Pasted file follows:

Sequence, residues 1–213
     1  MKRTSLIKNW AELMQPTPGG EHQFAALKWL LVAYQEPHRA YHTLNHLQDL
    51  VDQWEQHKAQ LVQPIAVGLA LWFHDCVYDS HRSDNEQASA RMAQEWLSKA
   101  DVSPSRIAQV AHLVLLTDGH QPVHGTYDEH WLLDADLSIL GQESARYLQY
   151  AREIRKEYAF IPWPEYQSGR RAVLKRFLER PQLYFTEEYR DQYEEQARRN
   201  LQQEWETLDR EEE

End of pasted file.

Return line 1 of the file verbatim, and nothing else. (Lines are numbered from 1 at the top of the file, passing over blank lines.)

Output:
Sequence, residues 1–213